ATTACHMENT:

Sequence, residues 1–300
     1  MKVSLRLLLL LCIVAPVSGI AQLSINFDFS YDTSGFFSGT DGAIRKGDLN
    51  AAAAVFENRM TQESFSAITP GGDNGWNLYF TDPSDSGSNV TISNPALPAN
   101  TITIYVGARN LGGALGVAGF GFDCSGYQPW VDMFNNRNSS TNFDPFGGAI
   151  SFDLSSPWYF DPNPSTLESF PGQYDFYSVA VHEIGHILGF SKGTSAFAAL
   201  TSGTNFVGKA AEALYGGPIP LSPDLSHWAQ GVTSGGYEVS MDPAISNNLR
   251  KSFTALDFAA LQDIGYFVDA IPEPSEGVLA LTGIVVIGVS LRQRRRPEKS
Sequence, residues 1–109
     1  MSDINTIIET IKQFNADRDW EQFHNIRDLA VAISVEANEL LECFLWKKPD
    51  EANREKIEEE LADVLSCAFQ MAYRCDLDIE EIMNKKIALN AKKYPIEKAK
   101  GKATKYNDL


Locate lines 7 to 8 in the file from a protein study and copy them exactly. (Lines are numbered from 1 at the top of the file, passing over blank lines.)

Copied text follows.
   251  KSFTALDFAA LQDIGYFVDA IPEPSEGVLA LTGIVVIGVS LRQRRRPEKS
Sequence, residues 1–109